Unlike email phishing campaigns, it is imperative to hook the target as soon as the call starts. Once the target hangs up, it’s unlikely they will call back or take another call from our number unless they trusted us (though I once had a person call me back to check who answered the phone). For this we prepare a persona.

We need a name, possibly an accent, a department, a purpose for calling, and just enough back story that we never say “umm”.

When we call our target, we’re unlikely to provide most of these details, but we need to be in character. Our target is likely to start off suspicious and will only get more suspicious if we say we work at the IT Help Desk and then act like we’re a high level manager telling them what to do. I’ve also had targets question me on what building I work in as well as my manager’s name. If I have a number of people to call, I often make small talk to gather more information to use in my next calls. Every bit helps in establishing rapport and building trust.

Another part of preparation is technical. While it’s illegal to spoof (imitate) a phone number maliciously, in phishing campaigns it’s all part of the test. We use services like SpoofCard to display the phone number of the company that we claim to be calling from to make the call seem even more real.


Many companies hire us to call a large number of people in various departments to see if they reveal private information. The goal is to get something simple like their username and password for the email system or the direct phone number for an employee who doesn’t have that listed publically. We often seek to check the effectiveness of their security awareness training by evaluating employees’ responses to the attack. As an employee, knowing that a company tests employees in this way can be a great incentive to exercise vigilance when handling unknown calls.

In campaigns like this, I like to make myself a low level contractor. This job is so lowly that they don’t even make the lowest level employees do it! My goal is to establish rapport and then elicit a sense of empathy. Maybe you feel sorry for me. Maybe you realize that I get paid by results, so I will keep calling until you give me what I ask for. Most importantly, I have an excuse for not knowing answers to all your questions or not having a phone number that looks familiar.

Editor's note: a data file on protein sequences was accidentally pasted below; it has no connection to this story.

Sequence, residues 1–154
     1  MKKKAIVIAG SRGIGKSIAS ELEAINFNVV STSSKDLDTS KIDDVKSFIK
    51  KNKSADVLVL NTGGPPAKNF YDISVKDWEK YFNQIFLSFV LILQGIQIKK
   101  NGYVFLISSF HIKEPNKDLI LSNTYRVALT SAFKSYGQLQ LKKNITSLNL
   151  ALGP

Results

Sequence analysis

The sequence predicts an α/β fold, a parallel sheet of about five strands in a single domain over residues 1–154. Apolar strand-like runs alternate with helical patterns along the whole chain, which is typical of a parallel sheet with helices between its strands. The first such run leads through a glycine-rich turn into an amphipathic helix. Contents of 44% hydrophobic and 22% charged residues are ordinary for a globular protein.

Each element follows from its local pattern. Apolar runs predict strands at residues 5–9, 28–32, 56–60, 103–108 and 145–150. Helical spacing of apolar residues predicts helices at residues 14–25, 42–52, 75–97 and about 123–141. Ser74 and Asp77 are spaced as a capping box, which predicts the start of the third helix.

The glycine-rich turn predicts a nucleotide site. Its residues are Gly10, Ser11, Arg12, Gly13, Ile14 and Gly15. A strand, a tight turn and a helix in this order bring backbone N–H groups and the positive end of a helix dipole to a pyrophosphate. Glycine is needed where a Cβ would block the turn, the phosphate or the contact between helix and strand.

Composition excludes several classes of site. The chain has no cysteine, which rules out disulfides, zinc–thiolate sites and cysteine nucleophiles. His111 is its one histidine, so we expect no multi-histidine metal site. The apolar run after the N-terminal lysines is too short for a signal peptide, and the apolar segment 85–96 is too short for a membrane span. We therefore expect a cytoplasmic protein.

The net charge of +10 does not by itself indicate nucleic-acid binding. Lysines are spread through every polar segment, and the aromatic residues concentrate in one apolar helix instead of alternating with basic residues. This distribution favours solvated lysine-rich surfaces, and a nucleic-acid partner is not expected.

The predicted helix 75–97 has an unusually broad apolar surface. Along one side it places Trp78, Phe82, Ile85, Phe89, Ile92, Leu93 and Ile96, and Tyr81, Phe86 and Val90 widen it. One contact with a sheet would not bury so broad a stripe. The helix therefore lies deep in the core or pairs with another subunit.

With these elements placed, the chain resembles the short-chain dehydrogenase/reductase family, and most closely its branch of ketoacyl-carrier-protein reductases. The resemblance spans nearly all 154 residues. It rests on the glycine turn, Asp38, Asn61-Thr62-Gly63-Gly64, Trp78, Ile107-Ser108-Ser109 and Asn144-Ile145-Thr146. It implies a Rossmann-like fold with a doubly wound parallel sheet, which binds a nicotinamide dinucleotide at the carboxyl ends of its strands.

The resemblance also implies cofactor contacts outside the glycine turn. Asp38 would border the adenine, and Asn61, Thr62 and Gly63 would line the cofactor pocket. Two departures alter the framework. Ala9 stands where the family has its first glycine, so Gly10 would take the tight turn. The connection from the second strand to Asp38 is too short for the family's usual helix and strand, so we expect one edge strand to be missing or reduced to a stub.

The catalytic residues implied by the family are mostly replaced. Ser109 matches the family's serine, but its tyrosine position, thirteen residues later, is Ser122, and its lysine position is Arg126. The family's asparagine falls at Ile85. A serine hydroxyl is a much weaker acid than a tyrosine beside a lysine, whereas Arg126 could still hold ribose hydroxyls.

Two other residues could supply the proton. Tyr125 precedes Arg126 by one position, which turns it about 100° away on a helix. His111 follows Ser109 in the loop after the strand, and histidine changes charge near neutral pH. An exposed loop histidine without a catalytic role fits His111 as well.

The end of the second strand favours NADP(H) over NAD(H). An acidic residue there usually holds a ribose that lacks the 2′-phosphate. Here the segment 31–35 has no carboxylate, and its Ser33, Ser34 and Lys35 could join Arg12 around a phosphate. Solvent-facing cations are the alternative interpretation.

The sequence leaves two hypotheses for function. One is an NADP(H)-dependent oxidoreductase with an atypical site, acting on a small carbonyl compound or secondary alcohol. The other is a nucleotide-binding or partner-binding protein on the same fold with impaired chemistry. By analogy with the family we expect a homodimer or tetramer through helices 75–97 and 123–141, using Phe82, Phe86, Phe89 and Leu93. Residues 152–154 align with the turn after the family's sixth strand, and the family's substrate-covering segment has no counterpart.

So back to my sad, lowly contractor. I make the call. I’m friendly. If they don’t believe me, I sound like I am used to hearing this and hate my job. I don’t tell them I’m a contractor; my goal is to get their credentials, but if they push back or ask me questions like “what building do you work in?, I “admit” that I’m just a contractor. I look for any opportunity to ask the best way to get a job there. I ask if my target likes working there. Are the managers nice?

This allows me to keep the target engaged without knowing all the answers and makes people feel important because they possess information that the caller doesn’t have. If they refuse to answer, I’m polite and tell them that is no problem at all… but someone will have to come to their office in person, and it will take longer. Sometimes that threat of someone physically coming to see them is enough to change their mind.

These types of campaigns can be conducted under a myriad of personas. Some people mumble a lot so that it’s easier to act like you know answers you may not know. Think of calls you’ve received from spammers that you believe are legitimate at first. Sometimes it’s hard to say no.


Spear phishing campaigns, whether using email, phone, or a combination, are much more complex to set up but can be well worth the effort when all the pieces fall into place. In these campaigns, we focus on a small number of specific targets and spend a great deal of time researching them to tailor the campaign specifically for these individuals.